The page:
Monthly Archives: July 2011

The hysteria of Armageddon, once reserved for apocalyptic super disease, invading aliens, or meteor extinction, has found its way—via the American president—into the debt debate. And with the deal for the American debt ceiling floundering, it seems reasonable to assume it will take a bit more time to get to some kind of consensus on how America will face its self-styled ‘Armageddon.’ That this debt … MORE »

Brian Dijkema  |  July 28, 2011  |  Discipline, Philosophy

Life-threatening cancer in Canada’s leader of the opposition; shootings in Norway; starvation of thousands in Somalia. Not exactly the type of week which instills optimism in those who read the news. But newspapers—good newspapers—aren’t really meant to be read by optimistic people. Anyone who follows the news knows that the scale of the terrors we see this week in the news appear larger than the … MORE »

Ray Pennings  |  July 27, 2011  |  Journalism

Ever since news came out regarding the atrocities perpetrated by Anders Behring Breivik in Norway last Friday, it has proved challenging to publicly describe this man and his motives. Police officer Roger Anderson initially described Breivik as an “ethnic” Norwegian and a “Christian fundamentalist,” adding his political opinions leaned “to the right,” without giving further details. On his facebook profile, Breivik described himself as “conservative,” … MORE »

Brian Dijkema  |  July 26, 2011  |  Leadership, Politics

Many Canadians are thinking about Jack Layton today; I know I am. The press conference held by the leader of her majesty’s loyal opposition yesterday was jarring—less so from the news itself, than from the visual and audio evidence of the effects that cancer is having on Mr. Layton’s body. The newspapers are already starting to fill up with commentary on the implications of Mr. … MORE »

Alissa Wilkinson  |  July 25, 2011  |  Arts, Literature, Media

Last week, critic and former Poet Laureate Robert Pinsky wrote at Slate about two marvelous snarky (and ultimately wrongheaded) takedowns of John Keats by his contemporaries. Part of their problem, he says, is that they ignored entirely the three rules of reviewing. Pinsky got them from some stylesheet he received from a magazine for which he was writing in the 1970s, but as he says: … MORE »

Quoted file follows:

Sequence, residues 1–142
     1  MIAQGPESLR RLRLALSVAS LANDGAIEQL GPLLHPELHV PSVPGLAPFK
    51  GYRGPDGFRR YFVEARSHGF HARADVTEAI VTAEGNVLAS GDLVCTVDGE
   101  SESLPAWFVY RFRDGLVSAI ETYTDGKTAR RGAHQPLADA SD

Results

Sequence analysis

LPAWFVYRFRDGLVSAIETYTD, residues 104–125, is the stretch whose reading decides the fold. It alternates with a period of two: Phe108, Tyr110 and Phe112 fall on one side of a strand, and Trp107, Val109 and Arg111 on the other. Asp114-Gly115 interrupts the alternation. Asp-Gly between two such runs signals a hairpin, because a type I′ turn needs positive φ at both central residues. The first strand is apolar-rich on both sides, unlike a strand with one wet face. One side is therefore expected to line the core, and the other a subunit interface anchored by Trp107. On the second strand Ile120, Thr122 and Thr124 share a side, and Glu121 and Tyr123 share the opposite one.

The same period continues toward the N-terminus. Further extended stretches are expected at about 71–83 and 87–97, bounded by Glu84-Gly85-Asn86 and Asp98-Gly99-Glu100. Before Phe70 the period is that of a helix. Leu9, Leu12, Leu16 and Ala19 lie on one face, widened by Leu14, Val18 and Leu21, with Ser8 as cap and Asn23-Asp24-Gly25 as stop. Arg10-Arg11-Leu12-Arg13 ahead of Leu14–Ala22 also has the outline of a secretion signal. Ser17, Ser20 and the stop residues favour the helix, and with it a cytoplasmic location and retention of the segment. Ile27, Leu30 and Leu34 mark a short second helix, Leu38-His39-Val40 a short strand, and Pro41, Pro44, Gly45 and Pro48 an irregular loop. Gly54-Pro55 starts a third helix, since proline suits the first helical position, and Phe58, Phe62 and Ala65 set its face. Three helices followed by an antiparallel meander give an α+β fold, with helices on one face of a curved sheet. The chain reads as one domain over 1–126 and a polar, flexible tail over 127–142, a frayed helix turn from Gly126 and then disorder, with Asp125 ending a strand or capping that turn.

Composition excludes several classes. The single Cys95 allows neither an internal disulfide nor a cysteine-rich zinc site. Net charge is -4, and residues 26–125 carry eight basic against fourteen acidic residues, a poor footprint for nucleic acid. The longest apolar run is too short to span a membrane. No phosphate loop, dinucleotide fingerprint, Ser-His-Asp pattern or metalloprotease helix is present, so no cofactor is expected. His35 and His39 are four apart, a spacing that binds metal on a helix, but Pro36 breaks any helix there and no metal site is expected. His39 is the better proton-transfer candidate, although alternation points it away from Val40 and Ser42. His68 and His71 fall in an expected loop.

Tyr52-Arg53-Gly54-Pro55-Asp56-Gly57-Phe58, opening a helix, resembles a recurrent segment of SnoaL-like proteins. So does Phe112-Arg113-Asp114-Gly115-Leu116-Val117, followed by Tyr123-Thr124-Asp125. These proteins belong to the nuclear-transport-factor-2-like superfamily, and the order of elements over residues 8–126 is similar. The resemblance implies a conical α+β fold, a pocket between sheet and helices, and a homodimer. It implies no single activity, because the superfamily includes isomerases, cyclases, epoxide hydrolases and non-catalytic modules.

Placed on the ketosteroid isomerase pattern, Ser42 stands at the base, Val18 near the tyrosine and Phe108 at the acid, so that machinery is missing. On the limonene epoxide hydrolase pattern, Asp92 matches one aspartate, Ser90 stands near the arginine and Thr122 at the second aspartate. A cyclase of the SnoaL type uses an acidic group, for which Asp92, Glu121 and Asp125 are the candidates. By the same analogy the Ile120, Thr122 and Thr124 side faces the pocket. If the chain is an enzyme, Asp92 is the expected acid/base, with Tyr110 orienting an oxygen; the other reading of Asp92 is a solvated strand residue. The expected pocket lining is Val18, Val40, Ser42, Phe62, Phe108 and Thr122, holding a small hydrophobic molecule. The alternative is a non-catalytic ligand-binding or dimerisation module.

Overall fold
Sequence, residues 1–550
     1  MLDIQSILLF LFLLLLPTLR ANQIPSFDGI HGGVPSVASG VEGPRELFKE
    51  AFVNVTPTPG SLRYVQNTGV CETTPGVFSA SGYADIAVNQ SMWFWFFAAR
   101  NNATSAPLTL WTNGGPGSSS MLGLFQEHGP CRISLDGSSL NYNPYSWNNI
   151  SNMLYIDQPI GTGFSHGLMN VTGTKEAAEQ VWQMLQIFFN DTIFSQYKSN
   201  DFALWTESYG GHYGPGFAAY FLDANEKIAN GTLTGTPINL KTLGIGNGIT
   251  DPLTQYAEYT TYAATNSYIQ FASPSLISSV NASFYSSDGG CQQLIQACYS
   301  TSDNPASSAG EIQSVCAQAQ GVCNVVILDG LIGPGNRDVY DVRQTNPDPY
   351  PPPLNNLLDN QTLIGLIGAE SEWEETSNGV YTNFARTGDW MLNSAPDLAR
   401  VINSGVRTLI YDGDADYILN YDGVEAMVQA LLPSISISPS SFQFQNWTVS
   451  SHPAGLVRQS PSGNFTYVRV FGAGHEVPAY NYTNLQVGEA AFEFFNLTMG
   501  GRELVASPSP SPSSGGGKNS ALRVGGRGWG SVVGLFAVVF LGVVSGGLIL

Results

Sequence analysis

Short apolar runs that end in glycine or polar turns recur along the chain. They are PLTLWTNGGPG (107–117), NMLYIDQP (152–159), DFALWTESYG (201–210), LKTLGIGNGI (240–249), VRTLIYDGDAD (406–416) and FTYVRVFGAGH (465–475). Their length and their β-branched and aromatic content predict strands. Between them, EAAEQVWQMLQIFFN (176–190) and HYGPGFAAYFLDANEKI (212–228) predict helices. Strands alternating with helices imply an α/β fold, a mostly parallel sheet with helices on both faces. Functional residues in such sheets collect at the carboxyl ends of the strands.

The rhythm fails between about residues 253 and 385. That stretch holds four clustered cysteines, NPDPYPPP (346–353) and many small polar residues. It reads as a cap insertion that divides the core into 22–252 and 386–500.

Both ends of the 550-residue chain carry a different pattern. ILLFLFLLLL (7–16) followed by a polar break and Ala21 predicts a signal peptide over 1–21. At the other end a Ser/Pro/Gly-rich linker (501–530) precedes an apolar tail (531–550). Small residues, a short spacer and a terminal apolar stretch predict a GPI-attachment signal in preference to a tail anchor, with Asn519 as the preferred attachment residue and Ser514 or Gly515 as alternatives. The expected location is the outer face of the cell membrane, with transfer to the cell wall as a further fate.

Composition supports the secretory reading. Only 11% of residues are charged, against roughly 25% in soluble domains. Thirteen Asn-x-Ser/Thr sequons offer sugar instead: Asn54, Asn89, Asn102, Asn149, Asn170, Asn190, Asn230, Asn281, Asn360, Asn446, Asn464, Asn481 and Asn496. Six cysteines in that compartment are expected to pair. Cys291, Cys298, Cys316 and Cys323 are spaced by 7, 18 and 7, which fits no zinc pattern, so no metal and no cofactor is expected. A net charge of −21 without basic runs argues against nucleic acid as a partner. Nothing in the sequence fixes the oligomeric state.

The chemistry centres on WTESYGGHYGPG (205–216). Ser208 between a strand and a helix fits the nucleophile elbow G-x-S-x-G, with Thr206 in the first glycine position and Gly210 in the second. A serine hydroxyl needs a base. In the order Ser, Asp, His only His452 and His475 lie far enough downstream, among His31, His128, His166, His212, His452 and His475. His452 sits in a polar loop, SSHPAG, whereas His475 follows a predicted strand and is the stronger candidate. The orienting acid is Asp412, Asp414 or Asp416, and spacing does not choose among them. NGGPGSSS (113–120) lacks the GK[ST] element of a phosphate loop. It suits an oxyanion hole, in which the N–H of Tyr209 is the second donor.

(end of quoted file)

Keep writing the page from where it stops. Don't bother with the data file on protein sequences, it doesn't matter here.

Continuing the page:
Robert Joustra  |  July 22, 2011  |  Death, Economy, Foreign Policy, Legacy

Photo: The Independent The space shuttle Atlantis rolled to a stop shortly after 6 am Thursday at the Kennedy Space Centre, closing a chapter on one of the most far-reaching super-power confrontations in human history: the cold war space race. That race was as much about international politics, about the control and mastery of space, a nuclear and technological confrontation with the Soviet Union, as … MORE »

Ray Pennings  |  July 21, 2011  |  Civic Core, Elites, Leadership, Vocation

If you dislike self-serving arguments, don’t read this. The seed for this piece comes from reading Geoffrey Kurtz’s review essay of George Scialabba’s What are Intellectuals Good For? Sciaballa’s book seems to be a lament regarding the diminished place that public intellectuals have in society. We are saturated with words and images produced by ‘anti-public intellectuals’ of the public relations industry; corporations and the wealthy … MORE »

Peter Stockland  |  July 20, 2011  |  Culture, Leadership, Media, Philosophy

There are three reasons to forgive media magnate Rupert Murdoch. You may, of course, choose none if you wish, but they are: 1. You’re a sincere Christian who prays daily, or at least weekly, to be forgiven your trespasses as you forgive those who trespass against you. 2. Despite his media empire’s cruel exploitation of almost everyone, you just can’t stay mad at a guy … MORE »

Brian Dijkema  |  July 19, 2011  |  Arts, Institutions, Literature

One of the great fringe benefits of having children is the amount of time it allows my wife and me to spend in the library. My wife and I order books online from the Ottawa Public Library on the recommendation of friends, or from the valuable book of book lists, Honey for a Child’s Heart. And, weekly, we make a pilgrimage to our local branch … MORE »

Alissa Wilkinson  |  July 18, 2011  |  Legacy, Literature, Philosophy

Last week, Jonathan Rauch started blogging—and he started with a diatribe against blogging, which he hates because it comes from the “self-congratulatory smugness of internet culture,” which is inherently hostile to “people who want to read and think.” He tries a nifty thought experiment: if all the blog posts of the last however-many years since the word blog was coined were lost, would anyone notice? … MORE »